- Three in ten (31%) of all adults who have worked from home this year have found it more stressful than being in the office, rising to 38% of under 35s
- Almost two in five (37%) of under 35s who have worked from home have no suitable space to work from home – compared to just 26% of over 55s
- One in three (32%) workers under 35s feel they work ‘too much’ and are twice as likely to have worked more hours during the pandemic than older people
As many UK workers begin heading back into the workplace, a new study has found younger workers have struggled the most with the shift to home-working during the pandemic.
The LifeSearch Health Wealth & Happiness Index has found that three in ten (31%) of people working from home find it more stressful than being in the office, but this rises to 38% of younger people.
Overall, 40% of home workers say they feel lonely and isolated working from home, but this rises significantly for under 35s, with over half – 52% – saying homeworking makes them feel lonely and 49% feel ‘cut-off’ from colleagues. Three in five (61%) younger people miss the team morale and workplace community.
Despite the fact that 57% of people have worked from home during the pandemic – and 78% of those still are – one of the key reasons why so many people are struggling to work from home could be down to home set-up:
- more than a third (34%) do not have a suitable place to work, rising to 37% of 18-35 years olds
- 31% are struggling to find the peace and quiet they need to work effectively, rising to 36% of younger people
- perhaps unsurprisingly, it is workers with children under 18 that have struggled the most to find a ‘quiet space’ with 41% saying this has been an issue.
Working more hours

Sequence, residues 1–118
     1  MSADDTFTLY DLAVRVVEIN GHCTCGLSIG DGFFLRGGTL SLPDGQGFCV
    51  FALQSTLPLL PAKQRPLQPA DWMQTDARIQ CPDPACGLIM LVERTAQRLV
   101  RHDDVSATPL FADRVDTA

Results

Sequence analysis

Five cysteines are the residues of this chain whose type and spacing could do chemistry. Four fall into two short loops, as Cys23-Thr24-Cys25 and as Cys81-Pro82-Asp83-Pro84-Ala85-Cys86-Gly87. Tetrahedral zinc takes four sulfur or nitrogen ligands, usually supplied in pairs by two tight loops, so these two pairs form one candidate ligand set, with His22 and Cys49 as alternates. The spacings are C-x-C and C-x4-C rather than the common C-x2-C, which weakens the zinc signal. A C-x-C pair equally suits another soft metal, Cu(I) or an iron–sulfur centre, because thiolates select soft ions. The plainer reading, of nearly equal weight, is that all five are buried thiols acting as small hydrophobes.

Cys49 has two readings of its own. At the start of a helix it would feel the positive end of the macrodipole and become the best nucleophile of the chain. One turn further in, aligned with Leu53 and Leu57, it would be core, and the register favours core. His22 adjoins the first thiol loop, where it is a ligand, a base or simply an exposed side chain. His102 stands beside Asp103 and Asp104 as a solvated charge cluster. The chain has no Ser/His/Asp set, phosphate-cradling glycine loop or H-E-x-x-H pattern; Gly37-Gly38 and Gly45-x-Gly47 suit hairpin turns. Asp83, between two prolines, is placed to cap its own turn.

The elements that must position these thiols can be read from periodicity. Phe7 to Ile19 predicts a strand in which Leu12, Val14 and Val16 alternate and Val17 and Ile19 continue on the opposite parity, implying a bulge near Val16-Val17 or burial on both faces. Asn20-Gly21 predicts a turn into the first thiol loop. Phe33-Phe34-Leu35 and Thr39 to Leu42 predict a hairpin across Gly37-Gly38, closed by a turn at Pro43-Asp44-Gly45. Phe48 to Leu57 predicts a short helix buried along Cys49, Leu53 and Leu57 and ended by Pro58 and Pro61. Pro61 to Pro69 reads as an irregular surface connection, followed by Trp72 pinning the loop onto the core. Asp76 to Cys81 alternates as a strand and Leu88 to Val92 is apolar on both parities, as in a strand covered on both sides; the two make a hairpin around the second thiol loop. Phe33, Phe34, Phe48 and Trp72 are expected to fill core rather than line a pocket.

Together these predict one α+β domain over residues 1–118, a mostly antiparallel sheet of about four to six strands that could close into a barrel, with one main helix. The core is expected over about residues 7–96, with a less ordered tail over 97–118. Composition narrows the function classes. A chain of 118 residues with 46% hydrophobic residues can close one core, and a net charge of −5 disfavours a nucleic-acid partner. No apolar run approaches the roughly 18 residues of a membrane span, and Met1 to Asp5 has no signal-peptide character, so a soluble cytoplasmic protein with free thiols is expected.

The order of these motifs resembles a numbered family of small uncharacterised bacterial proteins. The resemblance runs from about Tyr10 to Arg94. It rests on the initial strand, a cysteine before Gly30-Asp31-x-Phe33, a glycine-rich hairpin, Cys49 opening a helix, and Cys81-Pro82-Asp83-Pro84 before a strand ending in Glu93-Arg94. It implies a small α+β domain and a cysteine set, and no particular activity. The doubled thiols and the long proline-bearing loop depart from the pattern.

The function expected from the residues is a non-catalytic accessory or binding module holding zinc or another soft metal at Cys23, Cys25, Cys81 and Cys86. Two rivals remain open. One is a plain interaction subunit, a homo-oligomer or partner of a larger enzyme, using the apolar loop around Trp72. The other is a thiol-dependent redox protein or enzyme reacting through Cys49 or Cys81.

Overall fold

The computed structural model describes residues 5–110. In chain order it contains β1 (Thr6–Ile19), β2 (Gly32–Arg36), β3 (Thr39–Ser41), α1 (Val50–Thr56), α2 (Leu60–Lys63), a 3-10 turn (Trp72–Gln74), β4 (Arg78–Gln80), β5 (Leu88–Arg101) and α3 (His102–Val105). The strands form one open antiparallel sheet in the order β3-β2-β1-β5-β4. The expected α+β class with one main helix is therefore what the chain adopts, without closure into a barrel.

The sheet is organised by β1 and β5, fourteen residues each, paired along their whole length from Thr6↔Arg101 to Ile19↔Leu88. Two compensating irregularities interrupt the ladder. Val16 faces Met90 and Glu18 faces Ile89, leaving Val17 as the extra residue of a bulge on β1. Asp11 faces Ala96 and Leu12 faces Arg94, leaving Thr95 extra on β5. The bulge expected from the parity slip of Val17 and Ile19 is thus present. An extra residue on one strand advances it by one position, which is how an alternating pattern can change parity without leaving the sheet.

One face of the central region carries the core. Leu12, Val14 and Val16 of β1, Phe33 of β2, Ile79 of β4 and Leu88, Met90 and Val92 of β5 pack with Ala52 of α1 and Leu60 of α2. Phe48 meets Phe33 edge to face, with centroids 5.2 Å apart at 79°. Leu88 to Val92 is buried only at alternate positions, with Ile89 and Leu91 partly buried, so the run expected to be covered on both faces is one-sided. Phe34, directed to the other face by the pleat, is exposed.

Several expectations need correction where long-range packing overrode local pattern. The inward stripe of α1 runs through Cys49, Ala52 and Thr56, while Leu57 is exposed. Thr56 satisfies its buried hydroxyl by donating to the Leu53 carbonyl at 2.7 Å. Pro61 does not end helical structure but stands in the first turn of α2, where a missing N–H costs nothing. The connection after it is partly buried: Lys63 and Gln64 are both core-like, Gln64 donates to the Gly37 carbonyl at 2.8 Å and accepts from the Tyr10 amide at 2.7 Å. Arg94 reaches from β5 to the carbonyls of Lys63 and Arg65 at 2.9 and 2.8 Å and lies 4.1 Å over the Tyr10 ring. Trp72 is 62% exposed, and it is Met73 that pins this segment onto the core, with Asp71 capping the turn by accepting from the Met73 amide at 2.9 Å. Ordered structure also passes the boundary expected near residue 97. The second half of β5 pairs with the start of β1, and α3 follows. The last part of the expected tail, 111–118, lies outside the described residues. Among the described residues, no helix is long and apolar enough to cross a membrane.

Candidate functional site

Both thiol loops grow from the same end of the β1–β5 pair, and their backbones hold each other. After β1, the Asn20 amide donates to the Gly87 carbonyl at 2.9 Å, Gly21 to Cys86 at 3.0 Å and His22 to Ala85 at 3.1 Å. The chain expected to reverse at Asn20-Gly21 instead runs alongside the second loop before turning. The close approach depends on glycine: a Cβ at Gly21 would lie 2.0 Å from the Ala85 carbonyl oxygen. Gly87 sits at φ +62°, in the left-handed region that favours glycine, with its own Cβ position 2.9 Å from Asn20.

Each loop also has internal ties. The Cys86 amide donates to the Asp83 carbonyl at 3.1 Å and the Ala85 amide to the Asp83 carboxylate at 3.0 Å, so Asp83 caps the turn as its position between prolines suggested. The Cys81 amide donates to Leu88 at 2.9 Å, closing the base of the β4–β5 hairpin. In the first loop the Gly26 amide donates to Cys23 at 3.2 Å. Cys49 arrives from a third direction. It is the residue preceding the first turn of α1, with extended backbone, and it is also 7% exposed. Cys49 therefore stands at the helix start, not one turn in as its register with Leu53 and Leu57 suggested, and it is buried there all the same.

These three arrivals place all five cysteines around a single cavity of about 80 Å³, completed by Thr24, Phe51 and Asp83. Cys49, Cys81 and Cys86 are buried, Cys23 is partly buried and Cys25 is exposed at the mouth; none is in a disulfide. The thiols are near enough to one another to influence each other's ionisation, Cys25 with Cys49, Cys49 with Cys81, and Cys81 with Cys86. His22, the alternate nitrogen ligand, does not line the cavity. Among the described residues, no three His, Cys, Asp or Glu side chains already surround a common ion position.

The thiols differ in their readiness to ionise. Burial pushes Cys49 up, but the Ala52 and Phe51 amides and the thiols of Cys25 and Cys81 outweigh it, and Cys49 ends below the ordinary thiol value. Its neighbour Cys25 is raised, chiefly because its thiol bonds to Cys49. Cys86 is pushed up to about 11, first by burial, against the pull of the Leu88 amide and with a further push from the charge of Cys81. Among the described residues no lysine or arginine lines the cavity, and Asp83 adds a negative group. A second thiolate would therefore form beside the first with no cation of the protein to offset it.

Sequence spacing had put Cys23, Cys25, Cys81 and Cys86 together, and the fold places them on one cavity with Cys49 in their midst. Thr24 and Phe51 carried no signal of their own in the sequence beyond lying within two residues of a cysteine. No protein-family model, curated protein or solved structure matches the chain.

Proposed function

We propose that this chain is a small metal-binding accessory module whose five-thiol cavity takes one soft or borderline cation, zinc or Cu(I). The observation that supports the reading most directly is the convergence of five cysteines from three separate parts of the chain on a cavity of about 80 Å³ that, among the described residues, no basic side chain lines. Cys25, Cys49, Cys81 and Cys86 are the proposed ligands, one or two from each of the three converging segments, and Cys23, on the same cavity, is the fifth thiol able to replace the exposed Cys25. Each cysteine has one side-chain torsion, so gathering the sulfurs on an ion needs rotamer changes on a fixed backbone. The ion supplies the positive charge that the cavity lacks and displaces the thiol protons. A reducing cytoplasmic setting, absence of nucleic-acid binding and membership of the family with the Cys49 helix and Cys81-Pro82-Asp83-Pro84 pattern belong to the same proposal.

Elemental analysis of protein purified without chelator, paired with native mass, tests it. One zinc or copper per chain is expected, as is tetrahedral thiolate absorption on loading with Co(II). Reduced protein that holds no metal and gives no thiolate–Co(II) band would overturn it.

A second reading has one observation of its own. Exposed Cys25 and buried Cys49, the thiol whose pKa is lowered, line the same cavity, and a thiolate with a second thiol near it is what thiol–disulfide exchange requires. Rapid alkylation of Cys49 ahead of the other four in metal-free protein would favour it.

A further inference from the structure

The latest research from insurance broker, LifeSearch, also found that a third (32%) of younger workers feel they work too much – compared with 29% overall.
Just over a third (34%) of Brits say they have worked more hours since the pandemic started, but this rises to 42% of younger people; one in nine (11%) of under 35s say they are working at least 10 hours extra per week.
In comparison, over 55s are more likely to be working fewer hours than they did before the pandemic.
Greater job demands (43%), time spent not commuting (25%) and finding it hard to switch off at home (24%) were the top reasons for why people said they were working more. For younger workers, ‘needing the extra money’ was also a key factor, with 26% saying this was the reason for putting in extra hours.
Emma Walker, Chief Marketing Officer at LifeSearch who commissioned the study said: “While working from home can bring many benefits, we have found that younger people in particular have struggled with this shift, both practically – they are more likely not to have a suitable home working environment – and emotionally, with feelings of loneliness and isolation higher in this age group.”
“With younger people more likely to live alone, or to share with housemates or a young family, and therefore be competing over working space, it is perhaps understandable that this age group will have found it tougher to move to a home-based environment.”
The research forms part of the LifeSearch Health, Wealth and Happiness Study, compiled with the Centre for Economics and Business Research (Cebr), which monitors changes in the three indices individually and combined, dating back to 2011. The Health, Wealth and Happiness of the UK population reached its lowest level in a decade in Q2 2020 as the events of the last year provided the most dramatic shifts in sentiment impacting these three key elements of our everyday life. More recently, in Q1 2021, the combined HWH Index fell 5% on the previous quarter, although this did not quite amount to the lows of Q2 2020 – HWH 2011-2021 graph.
Walker concluded: “There is reason for optimism looking forward. Given the continuing vaccine rollout, and the roadmap for easing restrictions, those who want to return to the office for a bit of ‘normality’ should be able to begin to do so, helping mitigate feelings of loneliness, isolation and being cut off from the workplace. However, this will no doubt continue to prove a challenge for employers to address the balance and differing needs of a multi-generational workplace.”